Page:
Yang Zhou Fried Rice has got to be one of the quickest cooking meals in history. It is said that General Yang Su, a minister to the emperor of the Sui Dynasty in China was fond of egg fried rice, resulting in the beginnings of many egg fried rice dishes. There are so many variations to this, some common ingredients being peas, char siu (bbq pork), and diced carrots. Mine contained none of the above, but it was a filling meal, with enough for lunch the next day for Ben, my roommate, and myself.
I came home late one night and cooked this up in under 20 minutes flat. Whilst I have added a (beaten) egg in the past to a well made in the middle of a pile of rice, this time I reversed the order, heating the egg first. This resulted in a drier rice dish. They’re both good, but it’s possible to add another egg (beaten) into the well of rice (so using both eggs, but sandwiching the steps – egg-rice-beaten egg).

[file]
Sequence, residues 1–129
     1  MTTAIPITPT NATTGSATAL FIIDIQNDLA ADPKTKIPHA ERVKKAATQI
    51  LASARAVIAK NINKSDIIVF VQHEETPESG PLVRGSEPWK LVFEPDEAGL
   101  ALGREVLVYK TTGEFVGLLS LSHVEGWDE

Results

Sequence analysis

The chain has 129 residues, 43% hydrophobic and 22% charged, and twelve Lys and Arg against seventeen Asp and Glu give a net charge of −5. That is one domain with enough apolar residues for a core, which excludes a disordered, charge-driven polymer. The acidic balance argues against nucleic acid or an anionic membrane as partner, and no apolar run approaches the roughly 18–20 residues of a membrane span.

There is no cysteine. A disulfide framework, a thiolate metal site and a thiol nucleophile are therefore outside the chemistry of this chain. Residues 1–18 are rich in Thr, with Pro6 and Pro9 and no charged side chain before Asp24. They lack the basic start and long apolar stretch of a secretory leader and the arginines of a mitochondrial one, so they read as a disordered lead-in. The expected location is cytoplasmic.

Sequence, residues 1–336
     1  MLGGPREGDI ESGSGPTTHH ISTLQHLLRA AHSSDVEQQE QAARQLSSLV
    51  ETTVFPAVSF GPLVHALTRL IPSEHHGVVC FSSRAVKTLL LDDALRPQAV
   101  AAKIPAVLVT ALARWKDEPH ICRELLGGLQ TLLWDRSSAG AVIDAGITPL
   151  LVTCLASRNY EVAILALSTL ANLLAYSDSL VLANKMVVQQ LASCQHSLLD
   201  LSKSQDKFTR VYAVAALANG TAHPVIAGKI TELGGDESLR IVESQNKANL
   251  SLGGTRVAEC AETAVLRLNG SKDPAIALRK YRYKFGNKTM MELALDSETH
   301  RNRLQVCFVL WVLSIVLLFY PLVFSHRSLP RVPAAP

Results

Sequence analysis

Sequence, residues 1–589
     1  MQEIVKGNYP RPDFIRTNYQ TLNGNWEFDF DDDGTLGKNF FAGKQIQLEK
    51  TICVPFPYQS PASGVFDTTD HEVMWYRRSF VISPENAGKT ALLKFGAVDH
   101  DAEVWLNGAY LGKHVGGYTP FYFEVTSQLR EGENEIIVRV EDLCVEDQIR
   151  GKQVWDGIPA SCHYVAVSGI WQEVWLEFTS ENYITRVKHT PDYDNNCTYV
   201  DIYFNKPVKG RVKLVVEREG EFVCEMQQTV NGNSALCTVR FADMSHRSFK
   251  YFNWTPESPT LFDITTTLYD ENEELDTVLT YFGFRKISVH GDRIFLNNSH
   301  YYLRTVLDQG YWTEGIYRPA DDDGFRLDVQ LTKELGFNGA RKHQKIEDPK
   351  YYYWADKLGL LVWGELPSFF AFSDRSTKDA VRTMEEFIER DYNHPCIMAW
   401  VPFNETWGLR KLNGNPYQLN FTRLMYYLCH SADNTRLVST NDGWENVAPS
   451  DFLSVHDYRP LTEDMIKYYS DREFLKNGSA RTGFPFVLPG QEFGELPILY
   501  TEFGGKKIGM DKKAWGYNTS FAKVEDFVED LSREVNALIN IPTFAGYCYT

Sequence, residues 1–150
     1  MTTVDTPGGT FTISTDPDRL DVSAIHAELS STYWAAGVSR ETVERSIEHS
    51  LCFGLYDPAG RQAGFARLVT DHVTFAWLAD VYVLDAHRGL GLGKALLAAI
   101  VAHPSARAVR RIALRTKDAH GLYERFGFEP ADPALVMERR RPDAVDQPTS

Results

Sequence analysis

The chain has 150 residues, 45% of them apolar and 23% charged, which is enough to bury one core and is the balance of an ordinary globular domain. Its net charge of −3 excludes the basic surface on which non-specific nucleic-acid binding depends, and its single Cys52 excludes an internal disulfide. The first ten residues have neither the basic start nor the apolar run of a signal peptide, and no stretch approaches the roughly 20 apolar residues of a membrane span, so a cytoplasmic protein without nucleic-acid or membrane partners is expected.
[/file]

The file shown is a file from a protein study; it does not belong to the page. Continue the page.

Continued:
I heated a wok on high heat with sesame oil, then since I wanted to skip the extra step of beating an egg, I cracked an egg directly into the wok, and as it started to set, quickly broke it up with a spatula. Then I dumped in all of last night’s rice into the wok and set to frying it. After the egg had been fully dispersed among the rice, I added leftover chicken from last night (one drumstick shredded, skin removed), and the rest of a bag of baby bok choy)* (boiled first with a touch of sesame oil).
Like most dishes, this would have been more fragrant with a small onion (or half an onion) diced in. The leftover drumstick and its sauce added a small amount of flavour to it. I added a dash of ground ginger, but to be honest that didn’t really seem to add much flavour. I also drizzled some soy sauce, since it was on the dry side.
*After the baby bok choy was boiled, I sliced them up lengthwise, and stumbled upon the happy surprise in seeing a flower shape from its base. Hence the garnish shown in the picture above.